The crankcase bolts are numbered. There are 36 of them and it is extremely important that they be reinstalled and torqued in the proper sequence. Taking them out in reverse sequence allows you to lay them out in order saving considerable confusion and time when reassembling. Start by turning the engine right side up and removing starting with #36 which is also the ground strap bolt. A nice touch on the Venture is that all 36 are actually marked right on the crankcase assembly. (Bolts # 31, 30, 28 & 27 will loosen but you cannot take them out with the cylinder heads still in place. Just let them hang loose, as they will not get lost.) (Note, in my shop manual the illustration on page 3-22 shows the crankcase tightening sequence. Unfortunately, the diagram captions are reversed with the lower crankcase labeled the upper crankcase and vice- versa.)
The clutch bearing retainer needs to be removed prior to separating the crankcase. This retainer has large phillips head screws which will require an impact driver to loosen. I hadn't used one of these since owning a 1970 Kawasaki 90 many moons ago. On that bike, every screw was a phillips head and you couldn't do anything without an impact driver. I had to go an buy one.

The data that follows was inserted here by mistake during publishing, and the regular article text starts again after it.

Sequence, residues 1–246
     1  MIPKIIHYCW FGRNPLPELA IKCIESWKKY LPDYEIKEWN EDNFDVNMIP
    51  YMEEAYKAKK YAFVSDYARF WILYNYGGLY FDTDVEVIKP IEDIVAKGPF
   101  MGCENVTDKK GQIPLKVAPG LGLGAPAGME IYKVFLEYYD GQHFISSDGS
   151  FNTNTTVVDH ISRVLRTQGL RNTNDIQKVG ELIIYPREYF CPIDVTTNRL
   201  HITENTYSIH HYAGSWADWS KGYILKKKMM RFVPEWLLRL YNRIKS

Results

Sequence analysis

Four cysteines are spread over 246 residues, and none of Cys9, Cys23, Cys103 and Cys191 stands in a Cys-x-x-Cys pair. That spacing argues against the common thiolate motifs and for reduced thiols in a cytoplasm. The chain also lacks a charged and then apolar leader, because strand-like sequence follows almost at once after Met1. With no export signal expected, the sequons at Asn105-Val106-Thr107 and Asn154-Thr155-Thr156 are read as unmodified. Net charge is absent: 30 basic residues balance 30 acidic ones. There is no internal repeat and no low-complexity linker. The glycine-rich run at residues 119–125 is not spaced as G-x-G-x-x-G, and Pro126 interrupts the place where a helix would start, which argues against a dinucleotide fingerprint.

The middle gear bearing retainers also have to be removed prior to separating the cases. This retainer uses Torx 40 fasteners. I bought a Torx 40 socket for the job. (If I keep tackling these jobs, I'll eventually end up owning every tool known to man. Is that a bad thing?)
The three bolts holding the collapsible collar holding the driven pinion gear will also have to be removed prior to separating the cases. Be careful not to bend the thin shims behind this collar. Since I will not be changing any parts on the pinion gears, I plan to re-use the shims and believe that the gear lash will not be disturbed. I did not disassemble the U-joint assembly.
With all fasteners off it was surprisingly easy to separate the crankcase assembly. A couple of taps with a rubber mallet and off it came. A couple of hours were spent cleaning the residue from the crankcase mating surfaces. The next step was diagnosing the problem.
Part 3 - Diagnosis & Repair of Transmission
It also became very apparant as to what the problem was. Even though there was very little wear on the second gear dogs or gears, when in second gear, the gear dogs were only overlapping by a millimeter or so. With the large torque in 2nd gear, the gear assembly would put a tremendous amount of sideways force on the shift fork allowing the gear (#1) to move to the left and jump a cog or two. When the shift fork was inspected it did turn out to be bent.